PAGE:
Elizabeth Smart sat backstage in a ballroom of the Washington Hilton hotel, where, in a few minutes, she would be telling an audience of sixteen hundred teen-agers her story of survival. It has been eleven years since a vagrant abducted Smart from her family’s home, in Salt Lake City, when she was fourteen. After nine months of captivity, during which she was repeatedly raped and threatened with murder, she was rescued by the police, in Utah. Smart’s speech was the keynote address of the annual conference of Key Club International. It was a steamy July day, but Smart looked composed in a ruffle-collared black dress, her blond hair in a chignon. She had no notes. I told her that I liked her red shoes, which reminded me of the ruby slippers that Dorothy clicks to return home from Oz. “Every girl should have a pair,” she said. “Don’t you think?”
At the lectern, Smart began by conjuring the kind of ordinary girl she was when she went to bed on June 4, 2002. That evening, she’d spent a lot of time persuading her parents to let her join her best friend’s family on a vacation to a small town in Utah, only to have her older brother, Charles, tease her about how boring the trip was sure to be. She’d shot back, “Hey, what if those are the last words you ever say to me?” The audience laughed, nervously. A few minutes later, Smart arrived at the part of her story where she woke in the middle of the night with a knife at her throat. The ballroom got very quiet.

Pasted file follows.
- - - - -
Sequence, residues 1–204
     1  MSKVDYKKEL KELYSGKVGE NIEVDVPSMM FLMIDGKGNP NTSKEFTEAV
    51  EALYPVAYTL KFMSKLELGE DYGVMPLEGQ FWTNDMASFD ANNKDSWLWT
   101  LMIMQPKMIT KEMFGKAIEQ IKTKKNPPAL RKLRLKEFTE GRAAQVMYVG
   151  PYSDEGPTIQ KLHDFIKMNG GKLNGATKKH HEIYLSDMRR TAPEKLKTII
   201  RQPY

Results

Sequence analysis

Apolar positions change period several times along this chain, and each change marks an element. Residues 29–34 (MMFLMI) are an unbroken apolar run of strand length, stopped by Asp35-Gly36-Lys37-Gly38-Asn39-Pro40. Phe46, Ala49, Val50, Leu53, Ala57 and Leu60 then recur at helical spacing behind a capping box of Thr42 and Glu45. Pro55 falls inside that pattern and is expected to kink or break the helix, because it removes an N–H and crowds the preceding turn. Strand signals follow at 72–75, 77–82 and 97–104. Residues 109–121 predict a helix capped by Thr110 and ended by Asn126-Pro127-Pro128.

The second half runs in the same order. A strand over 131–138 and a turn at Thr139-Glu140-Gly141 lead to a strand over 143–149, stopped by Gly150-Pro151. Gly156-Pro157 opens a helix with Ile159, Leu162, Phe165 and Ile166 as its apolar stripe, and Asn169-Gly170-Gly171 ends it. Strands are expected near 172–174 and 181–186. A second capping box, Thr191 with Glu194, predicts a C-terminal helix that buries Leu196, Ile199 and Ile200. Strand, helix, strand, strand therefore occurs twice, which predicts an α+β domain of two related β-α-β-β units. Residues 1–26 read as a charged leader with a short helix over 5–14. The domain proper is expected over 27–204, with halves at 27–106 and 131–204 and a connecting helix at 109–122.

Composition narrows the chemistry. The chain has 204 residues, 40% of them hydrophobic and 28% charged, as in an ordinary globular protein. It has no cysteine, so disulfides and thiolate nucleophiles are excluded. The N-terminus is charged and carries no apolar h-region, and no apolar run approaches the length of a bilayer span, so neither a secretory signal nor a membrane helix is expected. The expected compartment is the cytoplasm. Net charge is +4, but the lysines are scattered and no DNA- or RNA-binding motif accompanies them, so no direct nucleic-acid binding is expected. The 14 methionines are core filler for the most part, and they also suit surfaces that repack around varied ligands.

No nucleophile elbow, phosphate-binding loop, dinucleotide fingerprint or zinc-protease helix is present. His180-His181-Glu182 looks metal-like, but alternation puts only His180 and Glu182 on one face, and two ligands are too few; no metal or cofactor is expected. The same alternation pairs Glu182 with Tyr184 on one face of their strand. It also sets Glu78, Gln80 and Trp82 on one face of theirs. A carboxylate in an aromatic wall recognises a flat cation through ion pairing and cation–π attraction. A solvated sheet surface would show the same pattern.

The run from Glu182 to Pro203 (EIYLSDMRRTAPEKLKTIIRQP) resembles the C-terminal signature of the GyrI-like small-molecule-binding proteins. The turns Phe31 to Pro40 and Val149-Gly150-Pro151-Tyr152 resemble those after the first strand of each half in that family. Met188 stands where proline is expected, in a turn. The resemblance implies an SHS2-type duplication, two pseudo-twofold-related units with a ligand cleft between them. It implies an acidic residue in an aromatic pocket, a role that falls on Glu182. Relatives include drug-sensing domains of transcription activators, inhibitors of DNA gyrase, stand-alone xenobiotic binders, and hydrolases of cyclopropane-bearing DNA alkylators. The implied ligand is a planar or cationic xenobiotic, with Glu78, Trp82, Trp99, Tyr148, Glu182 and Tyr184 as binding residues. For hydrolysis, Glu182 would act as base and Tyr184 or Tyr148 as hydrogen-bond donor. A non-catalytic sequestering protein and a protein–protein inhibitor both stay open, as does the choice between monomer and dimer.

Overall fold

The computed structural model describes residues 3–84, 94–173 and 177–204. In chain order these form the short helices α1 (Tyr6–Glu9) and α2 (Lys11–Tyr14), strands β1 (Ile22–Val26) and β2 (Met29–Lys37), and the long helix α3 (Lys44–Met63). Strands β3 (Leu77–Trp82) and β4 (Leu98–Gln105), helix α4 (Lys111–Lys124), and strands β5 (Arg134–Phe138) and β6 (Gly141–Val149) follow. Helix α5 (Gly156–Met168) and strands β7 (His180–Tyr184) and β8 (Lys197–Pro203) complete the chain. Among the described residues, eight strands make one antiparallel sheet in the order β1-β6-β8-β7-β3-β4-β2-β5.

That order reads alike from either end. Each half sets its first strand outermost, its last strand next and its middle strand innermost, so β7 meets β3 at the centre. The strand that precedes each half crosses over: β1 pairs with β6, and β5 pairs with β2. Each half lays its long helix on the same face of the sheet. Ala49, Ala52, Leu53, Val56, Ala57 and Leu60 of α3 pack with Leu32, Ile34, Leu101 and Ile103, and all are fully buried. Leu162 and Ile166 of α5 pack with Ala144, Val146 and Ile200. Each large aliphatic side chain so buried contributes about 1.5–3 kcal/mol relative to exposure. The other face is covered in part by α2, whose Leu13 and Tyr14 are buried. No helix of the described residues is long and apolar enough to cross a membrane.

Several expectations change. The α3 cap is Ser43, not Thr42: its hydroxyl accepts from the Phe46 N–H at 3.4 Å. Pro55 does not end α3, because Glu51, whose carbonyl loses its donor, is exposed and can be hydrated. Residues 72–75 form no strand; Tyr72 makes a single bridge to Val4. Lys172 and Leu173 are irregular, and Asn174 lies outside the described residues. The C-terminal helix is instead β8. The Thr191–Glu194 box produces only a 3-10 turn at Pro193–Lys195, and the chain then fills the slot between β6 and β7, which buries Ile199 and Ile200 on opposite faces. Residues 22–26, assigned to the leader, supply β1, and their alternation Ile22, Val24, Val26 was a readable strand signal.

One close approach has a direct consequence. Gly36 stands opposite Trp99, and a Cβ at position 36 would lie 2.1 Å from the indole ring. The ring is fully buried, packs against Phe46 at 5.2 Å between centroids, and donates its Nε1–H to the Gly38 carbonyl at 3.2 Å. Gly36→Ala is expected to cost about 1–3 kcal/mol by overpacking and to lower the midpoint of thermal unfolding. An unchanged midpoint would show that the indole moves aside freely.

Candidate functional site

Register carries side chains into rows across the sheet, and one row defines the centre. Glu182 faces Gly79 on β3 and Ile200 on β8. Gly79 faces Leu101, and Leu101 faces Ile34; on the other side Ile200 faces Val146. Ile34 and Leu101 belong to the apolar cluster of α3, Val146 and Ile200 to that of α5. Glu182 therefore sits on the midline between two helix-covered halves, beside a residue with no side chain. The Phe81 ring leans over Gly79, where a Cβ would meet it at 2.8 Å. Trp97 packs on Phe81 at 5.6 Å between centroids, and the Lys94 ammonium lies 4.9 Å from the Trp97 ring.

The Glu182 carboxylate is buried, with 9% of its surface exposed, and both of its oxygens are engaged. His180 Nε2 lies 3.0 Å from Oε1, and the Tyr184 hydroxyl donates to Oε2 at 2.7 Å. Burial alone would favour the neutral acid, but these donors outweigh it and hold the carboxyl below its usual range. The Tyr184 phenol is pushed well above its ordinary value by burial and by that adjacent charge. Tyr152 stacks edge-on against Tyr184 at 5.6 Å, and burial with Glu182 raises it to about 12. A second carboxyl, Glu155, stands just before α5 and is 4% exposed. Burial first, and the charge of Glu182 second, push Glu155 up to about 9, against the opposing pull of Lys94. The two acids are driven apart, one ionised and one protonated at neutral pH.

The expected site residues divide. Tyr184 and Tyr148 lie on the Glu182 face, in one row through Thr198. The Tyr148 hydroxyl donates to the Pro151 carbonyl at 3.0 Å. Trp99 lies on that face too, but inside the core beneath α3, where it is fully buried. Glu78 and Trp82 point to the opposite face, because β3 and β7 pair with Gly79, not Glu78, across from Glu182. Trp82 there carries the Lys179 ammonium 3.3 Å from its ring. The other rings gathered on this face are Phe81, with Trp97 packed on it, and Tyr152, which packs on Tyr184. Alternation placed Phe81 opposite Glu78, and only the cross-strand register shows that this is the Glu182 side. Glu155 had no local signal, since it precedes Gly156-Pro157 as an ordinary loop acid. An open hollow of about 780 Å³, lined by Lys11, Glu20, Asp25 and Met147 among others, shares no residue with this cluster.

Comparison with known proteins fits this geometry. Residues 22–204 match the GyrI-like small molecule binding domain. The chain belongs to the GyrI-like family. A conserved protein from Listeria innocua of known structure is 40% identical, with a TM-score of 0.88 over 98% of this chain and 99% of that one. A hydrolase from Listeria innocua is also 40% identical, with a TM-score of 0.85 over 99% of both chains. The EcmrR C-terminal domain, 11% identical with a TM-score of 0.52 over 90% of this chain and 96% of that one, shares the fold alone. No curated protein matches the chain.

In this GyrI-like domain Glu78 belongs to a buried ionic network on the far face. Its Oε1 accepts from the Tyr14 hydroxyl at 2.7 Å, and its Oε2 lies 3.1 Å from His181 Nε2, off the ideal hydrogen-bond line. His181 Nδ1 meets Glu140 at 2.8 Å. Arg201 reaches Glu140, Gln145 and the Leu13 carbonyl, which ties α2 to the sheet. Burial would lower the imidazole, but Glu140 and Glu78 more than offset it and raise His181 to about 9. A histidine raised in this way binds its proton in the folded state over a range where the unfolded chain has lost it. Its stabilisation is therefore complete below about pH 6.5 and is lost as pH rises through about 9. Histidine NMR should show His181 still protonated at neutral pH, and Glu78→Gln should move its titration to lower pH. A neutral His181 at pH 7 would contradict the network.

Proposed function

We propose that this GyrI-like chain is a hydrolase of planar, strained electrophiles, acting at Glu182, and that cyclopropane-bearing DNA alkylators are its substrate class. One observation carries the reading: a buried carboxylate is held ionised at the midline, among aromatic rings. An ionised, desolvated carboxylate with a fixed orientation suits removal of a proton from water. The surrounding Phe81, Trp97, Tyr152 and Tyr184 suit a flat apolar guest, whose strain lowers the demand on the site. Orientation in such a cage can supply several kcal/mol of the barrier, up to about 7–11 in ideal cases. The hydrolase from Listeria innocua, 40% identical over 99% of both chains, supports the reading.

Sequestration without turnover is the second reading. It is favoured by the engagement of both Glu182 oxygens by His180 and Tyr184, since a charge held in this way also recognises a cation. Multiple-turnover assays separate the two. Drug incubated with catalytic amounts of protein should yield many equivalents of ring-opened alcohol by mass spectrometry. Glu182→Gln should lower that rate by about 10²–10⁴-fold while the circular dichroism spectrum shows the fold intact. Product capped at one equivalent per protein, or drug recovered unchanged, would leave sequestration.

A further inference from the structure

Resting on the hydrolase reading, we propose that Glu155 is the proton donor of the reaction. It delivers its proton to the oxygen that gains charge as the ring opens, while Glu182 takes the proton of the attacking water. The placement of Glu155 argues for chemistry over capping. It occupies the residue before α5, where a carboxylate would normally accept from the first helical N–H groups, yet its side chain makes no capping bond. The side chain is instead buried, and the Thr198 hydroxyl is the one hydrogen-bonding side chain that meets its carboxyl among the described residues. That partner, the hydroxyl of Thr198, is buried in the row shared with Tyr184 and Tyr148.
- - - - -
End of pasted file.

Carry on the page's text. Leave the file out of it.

Although Smart will never escape being associated with the lurid captivity she endured, she has chosen to remain a public figure and has been unusually successful at doing so on her own terms. She is a full-time advocate for the prevention of child abuse who lobbies for legislation and heads a foundation. She delivers some eighty speeches a year, and they reliably end on a note of quiet resilience. She told the teen-agers in Washington, “Never be afraid to speak out. Never be afraid to live your life. Never let your past dictate your future.” . . .
Kidnapping victim Elizabeth Smart reveals details about her story and advocacy efforts in an interview with Wolf Blitzer.